Julian Brigden: "This Is What The 'Armageddon Scenario' For Markets Looks Like"

Tyler Durden's picture

Eric Townsend and Patrick Ceresna, the people behind the weekly Macro Voices podcast, have released an extended, hour-long interview with Julian Brigden founder of Macro Intelligence 2 Partners, in which among the various topics discussed (see the attached slidepack for supporting materials and charts) were: 

  • U.S. Dollar impact on the U.S. shale bubble
  • Peak acceleration in ISM manufacturing
  • Headline inflation peaking
  • Fed tightening going to start to impact data
  • Bond shorting opportunity is over
  • Risks to the reflationary trades
  • Wage trends in the U.S.
  • Perspective on European growth and inflation
  • Relative pricing between U.S. and European bunds

Brigden, who until recently was aggressively bearish Treasuries since June, is now confident that the "time to be out of US fixed income shorts for now." The reason for that is that he anticipates the recent surge higher in economic indicators (all of them of the survey, or "soft" kind), is now rolling over, and it "doesn't get any better."

Furthermore, adding to the downward pressure will be the upcoming inflation peak, as the energy base effect will in several months start to exert a downward influence, the same way it boosted inflation in the late part of 2016 and early 2017.

Furthermore, the ongoing tightening of financial conditions via higher interest rates across everything from Libor to mortgages, will start to impact the data.

Making matters worse, all of this will take place as expectations are near their highs, and all this puts the recent reflationary trades at risk.

And while Brigden says that he is not changing his overall secular outlook on the US economy  - the upcoming deflationary wave is merely a temporary blip until wage growth catches up - he is shifting his investing decisions and attention to Europe, where he believes growth is set to accelerate as there has been no tightening of financial conditions yet as the ECB's QE train continues to chug along, and where after a lag, European inflation is expected to more higher (we are not so confident, especially now that the base effect just lead to a big disappointment in the latest European CPI print just yesterday).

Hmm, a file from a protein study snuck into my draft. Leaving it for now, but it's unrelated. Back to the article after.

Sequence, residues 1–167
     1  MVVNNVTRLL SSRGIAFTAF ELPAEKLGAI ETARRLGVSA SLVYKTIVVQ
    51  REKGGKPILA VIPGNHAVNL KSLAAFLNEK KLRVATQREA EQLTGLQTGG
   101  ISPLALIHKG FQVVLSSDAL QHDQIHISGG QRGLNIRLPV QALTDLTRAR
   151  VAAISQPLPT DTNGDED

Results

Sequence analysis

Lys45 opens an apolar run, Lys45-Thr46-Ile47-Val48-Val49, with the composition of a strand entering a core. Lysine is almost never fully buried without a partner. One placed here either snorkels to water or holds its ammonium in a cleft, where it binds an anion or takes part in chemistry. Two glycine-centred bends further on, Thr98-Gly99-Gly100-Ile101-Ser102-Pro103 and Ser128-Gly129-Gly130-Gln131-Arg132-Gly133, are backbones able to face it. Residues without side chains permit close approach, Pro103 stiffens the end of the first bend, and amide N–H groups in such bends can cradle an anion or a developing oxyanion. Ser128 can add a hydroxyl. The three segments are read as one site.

In any case, if Brigden is right and the next inflationary wave hits Europe as the US is deflating, however briefly, it would have major implications for both relative bond pricing (10Y TSYs vs 10Y Bunds and US vs Eurozone output), as well as FX: USD vs EUR.

Some notable quotes from Brigden:

  • Obviously, we've all seen it in energy prices and how oil prices are percolating through into inflation. But I think what's also not quite as well understood is how that also manifest itself via that same sort of essentially base effect into the economic data, the growth data.
  • When we typically look at growth data we very rarely look at the level of growth. What we typically discuss is the speed or the acceleration of growth and by that, I mean, month on month, quarter on quarter, year on year
  • So, to a large extent what we've seen is that in terms of some of these PMI data and that's what we were playing all of last year and what we said in December, we will come to a point where this thing will just naturally run its course. It just doesn't get any faster.
  • The model suggesting that maybe we can punch out one further higher number which I think comes out next week in May, we can clip at 60 on ISM manufacturing
  • you're already starting to get some signs of disappointment in some of these PMI. So, if you look at say the Dallas Fed survey which came out I think last week the previous number had been 24.5. It was supposed to come in at 22 and it came in at 16.9 and all of this makes us believe that we are approaching not only this sort of cyclical high in terms of the inflation story which we'll talk about in a second but also the cyclical high in terms of the speed of the growth story.
  • That has important ramifications I think for markets. it's not super bearish. We're not trying to say that we think the U.S. is going back into recession. We just think that the data is going to start to essentially disappoint.
  • we're going to settle on I think into a much more normal level of inflation. Essentially the same sort of level of inflation that we saw prior to oil's drop and now for central banks that's going to create bigger problems but that comes. Initially we’re going to get peak, initially we’re definitively going to get that peak.

However the most interesting part of the entire interview is Brigden's take on the so-called "Armageddon scenario", or rather what he calls the "endgame for markets", which as he correctly points out is not in the context of a deflationary episode - after all central banks can always paradrop money, political considerations notwithstanding, but when inflation is running hot. Below is the key excerpt: